Here we take a closer look at what it means to be a defensive driver and what driving techniques and skills you can put into practice today to be a safer driver.
Defensive Driving — The Class
If you’ve ever received a ticket, you may have been required to take a defensive driving course rather than pay the ticket fine and to avoid accumulating points on your driving record. You can also take this classroom-based course to receive insurance discounts.
Defensive Driving — The Skills
However, defensive driving isn’t just about getting an insurance discount or avoiding fines. Instead, think of defensive driving as a set of skills that will help you keep yourself and others safe on the road.
The dictionary even has an entry for defensive driving:
“The practice of driving strategies that minimize risk and help avoid accidents, as by predicting hazards on the road.”
Why Defensive Driving is So Important
One of the biggest mistakes people make when driving is underestimating or misjudging the driving skill, attention, and maneuvers of other road users. Driving defensively involves being aware of conditions and driving behaviors several cars ahead of you. It allows you to defend against bad drivers, intoxicated drivers, road conditions, and poor weather.
Driving Skills and Behaviors
To be a defensive driver, implement these skills whenever you are behind the wheel.
- Be aware: Scan the road constantly for potential hazards (including poor driving behavior or unsafe maneuvers on the part of other drivers).
- Plan ahead: Know where you’re going in advance of pulling your car out of your driveway or parking spot. Planning ahead frees up your brain to focus on the road.
- Control your speed: Make sure it’s reasonable for the current situation and driving environment.
- Stay alert: Always be watching and preparing for both the expected and unexpected actions of other drivers.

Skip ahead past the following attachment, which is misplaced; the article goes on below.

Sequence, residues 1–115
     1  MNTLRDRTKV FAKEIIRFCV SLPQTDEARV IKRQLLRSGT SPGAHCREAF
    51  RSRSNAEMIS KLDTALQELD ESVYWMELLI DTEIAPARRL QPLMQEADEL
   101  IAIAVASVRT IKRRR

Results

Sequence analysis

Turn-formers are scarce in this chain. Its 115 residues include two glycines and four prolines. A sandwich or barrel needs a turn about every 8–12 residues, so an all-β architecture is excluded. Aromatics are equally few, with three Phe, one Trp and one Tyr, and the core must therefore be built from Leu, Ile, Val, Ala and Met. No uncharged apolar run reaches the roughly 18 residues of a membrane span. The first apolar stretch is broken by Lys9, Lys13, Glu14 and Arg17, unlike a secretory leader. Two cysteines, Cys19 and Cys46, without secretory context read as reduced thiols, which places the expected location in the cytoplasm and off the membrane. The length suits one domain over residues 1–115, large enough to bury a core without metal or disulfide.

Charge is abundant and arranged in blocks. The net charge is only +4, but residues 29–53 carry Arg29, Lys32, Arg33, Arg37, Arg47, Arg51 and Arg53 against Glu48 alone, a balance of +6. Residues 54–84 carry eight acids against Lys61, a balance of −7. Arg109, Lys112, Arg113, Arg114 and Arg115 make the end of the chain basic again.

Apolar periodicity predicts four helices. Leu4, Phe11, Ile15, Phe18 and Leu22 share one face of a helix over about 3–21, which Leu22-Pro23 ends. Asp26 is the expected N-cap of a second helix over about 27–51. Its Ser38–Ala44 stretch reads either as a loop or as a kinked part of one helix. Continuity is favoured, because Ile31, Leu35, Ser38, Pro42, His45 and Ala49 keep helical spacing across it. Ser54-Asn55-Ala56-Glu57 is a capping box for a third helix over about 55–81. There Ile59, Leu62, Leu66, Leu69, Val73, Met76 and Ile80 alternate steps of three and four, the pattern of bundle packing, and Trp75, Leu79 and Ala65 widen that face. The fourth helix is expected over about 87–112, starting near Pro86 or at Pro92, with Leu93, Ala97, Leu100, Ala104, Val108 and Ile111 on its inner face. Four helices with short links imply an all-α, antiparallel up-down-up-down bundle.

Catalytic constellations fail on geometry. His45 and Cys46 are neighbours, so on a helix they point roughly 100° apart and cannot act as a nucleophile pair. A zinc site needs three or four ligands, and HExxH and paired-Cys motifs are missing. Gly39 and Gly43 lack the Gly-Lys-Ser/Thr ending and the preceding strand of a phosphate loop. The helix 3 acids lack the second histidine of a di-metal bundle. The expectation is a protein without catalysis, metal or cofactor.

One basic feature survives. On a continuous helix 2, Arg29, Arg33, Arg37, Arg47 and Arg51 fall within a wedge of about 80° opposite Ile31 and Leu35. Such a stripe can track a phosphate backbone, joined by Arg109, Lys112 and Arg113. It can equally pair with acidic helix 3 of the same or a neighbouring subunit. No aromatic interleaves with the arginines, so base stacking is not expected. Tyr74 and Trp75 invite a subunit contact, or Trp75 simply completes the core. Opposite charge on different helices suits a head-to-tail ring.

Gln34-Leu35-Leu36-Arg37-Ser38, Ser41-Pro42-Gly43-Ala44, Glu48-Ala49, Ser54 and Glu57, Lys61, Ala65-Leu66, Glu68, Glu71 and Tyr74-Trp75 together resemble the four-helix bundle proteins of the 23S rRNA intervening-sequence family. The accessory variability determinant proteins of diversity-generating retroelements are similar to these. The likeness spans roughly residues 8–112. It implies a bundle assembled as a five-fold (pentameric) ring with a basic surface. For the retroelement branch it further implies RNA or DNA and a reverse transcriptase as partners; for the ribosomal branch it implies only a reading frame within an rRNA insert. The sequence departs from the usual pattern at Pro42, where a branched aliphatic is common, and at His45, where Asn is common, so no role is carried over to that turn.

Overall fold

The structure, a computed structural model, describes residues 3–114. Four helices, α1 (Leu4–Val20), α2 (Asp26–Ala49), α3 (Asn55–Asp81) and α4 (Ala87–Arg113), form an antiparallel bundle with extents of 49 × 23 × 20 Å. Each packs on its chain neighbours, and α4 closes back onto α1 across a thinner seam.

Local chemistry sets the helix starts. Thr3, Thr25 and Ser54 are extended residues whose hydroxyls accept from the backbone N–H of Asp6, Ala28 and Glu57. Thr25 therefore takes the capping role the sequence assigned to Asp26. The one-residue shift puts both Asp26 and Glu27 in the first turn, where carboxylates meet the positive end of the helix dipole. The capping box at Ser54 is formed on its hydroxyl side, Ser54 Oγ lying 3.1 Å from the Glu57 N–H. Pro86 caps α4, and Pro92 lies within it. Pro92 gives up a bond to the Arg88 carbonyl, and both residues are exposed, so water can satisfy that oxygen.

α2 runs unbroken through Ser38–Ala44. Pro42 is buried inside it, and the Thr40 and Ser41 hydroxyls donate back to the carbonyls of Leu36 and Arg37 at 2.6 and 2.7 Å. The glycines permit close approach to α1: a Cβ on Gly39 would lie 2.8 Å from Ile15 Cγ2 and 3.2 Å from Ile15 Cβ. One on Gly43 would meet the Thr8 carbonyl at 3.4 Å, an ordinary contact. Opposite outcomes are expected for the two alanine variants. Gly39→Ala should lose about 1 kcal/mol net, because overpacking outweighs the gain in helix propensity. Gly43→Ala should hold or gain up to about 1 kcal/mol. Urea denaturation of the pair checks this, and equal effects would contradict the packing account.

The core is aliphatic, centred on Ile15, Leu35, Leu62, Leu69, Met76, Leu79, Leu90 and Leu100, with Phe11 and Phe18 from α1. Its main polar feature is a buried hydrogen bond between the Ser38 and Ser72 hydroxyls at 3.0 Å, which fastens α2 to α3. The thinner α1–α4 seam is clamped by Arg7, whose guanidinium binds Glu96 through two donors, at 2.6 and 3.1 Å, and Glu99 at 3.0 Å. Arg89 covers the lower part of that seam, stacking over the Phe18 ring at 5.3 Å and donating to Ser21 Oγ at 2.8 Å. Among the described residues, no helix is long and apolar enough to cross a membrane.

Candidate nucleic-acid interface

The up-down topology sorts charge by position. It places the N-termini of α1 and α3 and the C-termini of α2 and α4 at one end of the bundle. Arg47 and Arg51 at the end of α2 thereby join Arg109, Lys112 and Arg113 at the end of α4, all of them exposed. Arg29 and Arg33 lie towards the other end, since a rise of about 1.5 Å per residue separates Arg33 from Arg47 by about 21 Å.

- Don’t expect anything of other drivers: Do not expect other drivers to do what you want them to do, or to anticipate your own driving behavior.
- Watch the weather: Be aware of the weather conditions on your route and understand that adverse conditions will impact visibility and even your energy.
- Don’t drive fatigued: You can’t drive alert and give the driving task your full and complete attention if you’re driving drowsy.
- Eliminate distractions: You can’t control the distractions other drivers face, but you can limit them in your own driving. These include cell phones, passengers, eating and drinking, and so on.
Normally in life, it’s a good idea to give others the benefit of the doubt. But when it comes to driving, often the best approach is to never assume that others sharing the road with you will drive safely, observe traffic laws, or even drive sober. If you’re always on the lookout for driving situations that could put you or others at risk, and you always approach driving with the utmost caution, you’ll be in a better position to stay safe.
Would you like the help of an experienced, expert instructor in improving your defensive driving skills? We can help. View Stop and Go Driving School’s defensive driving classes today.